In the same month, Russia's National Rating Agency signed an agreement with the Bahrain-based Islamic International Rating Agency to jointly assign ratings for Islamic financial products.
This will allow sharia-compliance quality ratings to be assigned for sovereign debt and Islamic financial institutions, the Russian agency said in a statement. Firms ranging from an Islamic leasing firm in the Russian republic of Dagestan to a fish skin leather manufacturer in Ingushetia, another Russian republic, have received such ratings in the past.


The lack of a Russian regulatory framework for Islamic finance is an obstacle; both issuers and investors rely on clear regulations to reduce risk and costs.
In October, the Association of Russian Banks asked the Central Bank to help develop Islamic finance, suggesting it adopt a special federal law.
The regulator continues to study the question of introducing Islamic finance regulation but work is at an early stage, a Central Bank spokesperson said last week. It is not yet clear when any new rules would be drafted, he added.
The Central Bank could draw on the experiences of former Soviet republics Azerbaijan, Kyrgyzstan and Kazakhstan, all of which are drafting new laws to regulate Islamic banking.
Even without a regulatory framework, Russia's banking sector has seen some small-scale Islamic finance deals. Kazan-based AK BARS Bank, Russia's 18th largest bank by assets, has raised a combined $160 million via two Islamic syndicated loans since 2011 and is open to tapping the market for a third time.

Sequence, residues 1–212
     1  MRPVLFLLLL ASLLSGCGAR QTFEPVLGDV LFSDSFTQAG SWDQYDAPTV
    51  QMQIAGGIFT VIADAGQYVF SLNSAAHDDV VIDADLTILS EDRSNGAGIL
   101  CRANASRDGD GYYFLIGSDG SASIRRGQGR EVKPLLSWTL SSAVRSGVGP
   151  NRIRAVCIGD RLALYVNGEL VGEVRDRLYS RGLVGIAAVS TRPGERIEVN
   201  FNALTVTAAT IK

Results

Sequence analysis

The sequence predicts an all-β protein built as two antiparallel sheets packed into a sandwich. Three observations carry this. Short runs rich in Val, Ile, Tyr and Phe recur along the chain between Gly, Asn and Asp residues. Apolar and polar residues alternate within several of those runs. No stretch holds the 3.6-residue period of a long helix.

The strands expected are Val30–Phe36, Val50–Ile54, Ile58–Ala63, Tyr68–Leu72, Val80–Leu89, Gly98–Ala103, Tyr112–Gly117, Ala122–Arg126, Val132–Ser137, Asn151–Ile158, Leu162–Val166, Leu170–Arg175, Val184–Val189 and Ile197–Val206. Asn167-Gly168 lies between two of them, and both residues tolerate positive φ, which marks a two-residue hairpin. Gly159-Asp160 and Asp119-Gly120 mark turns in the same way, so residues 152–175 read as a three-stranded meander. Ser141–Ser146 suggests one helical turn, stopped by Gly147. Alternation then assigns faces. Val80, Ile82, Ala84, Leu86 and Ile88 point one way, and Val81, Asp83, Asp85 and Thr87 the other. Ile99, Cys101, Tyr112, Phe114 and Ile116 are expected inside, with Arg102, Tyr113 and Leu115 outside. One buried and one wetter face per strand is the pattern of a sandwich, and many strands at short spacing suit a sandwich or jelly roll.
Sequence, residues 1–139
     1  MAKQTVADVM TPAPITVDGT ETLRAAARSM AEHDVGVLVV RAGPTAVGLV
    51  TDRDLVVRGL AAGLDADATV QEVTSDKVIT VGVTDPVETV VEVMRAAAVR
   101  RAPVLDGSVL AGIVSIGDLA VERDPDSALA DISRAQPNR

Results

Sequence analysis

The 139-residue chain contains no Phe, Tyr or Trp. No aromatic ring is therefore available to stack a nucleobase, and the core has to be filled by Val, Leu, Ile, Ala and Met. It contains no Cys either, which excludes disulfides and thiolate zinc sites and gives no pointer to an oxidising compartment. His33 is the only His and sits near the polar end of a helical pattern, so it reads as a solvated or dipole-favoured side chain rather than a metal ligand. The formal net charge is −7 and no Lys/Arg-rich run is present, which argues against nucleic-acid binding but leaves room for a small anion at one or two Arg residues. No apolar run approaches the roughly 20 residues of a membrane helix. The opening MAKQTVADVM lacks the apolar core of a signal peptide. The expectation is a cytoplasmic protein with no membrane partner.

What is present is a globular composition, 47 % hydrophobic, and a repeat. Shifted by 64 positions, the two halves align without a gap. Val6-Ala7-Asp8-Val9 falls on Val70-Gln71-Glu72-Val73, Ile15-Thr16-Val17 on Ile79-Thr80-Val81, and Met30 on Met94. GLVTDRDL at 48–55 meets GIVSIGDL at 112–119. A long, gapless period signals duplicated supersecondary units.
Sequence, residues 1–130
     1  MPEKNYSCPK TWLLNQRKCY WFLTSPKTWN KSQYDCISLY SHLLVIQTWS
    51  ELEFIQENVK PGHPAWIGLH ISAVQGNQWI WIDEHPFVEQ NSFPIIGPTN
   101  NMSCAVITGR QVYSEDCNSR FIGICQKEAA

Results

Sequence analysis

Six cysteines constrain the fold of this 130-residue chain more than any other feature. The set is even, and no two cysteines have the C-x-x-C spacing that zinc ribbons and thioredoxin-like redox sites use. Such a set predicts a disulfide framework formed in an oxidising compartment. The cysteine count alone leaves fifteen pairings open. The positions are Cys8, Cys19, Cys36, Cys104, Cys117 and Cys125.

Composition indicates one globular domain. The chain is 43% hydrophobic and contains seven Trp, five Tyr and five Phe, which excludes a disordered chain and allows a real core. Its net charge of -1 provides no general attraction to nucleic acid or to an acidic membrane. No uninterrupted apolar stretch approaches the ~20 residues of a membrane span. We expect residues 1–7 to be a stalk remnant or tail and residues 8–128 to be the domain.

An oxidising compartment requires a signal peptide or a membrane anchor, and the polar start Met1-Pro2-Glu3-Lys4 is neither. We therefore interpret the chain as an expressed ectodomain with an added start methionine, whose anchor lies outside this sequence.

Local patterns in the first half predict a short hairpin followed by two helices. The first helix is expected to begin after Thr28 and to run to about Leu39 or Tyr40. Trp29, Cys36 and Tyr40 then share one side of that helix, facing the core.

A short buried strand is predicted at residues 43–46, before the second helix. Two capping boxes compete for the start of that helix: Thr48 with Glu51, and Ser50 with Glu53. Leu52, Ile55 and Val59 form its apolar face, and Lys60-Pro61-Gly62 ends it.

"We will continue working in this direction, further diversifying our funding," said Elina Khayrullina, an official at AK BARS.
A sukuk issue by a local or regional government would be needed to encourage issuance by Russian companies, she said. "In general, sukuk might be an option for Russian companies given there is a benchmark at state or regional level."
Azerbaijan's largest bank plans to set up a stand-alone Islamic unit which would seek business across the region, including through its Russian subsidiary.
There have been false starts, however. The Russian republic of Tatarstan has planned for a sukuk issue as far back as 2011, but no deal has materialized.
(The Moscow Times / 12 February 2015)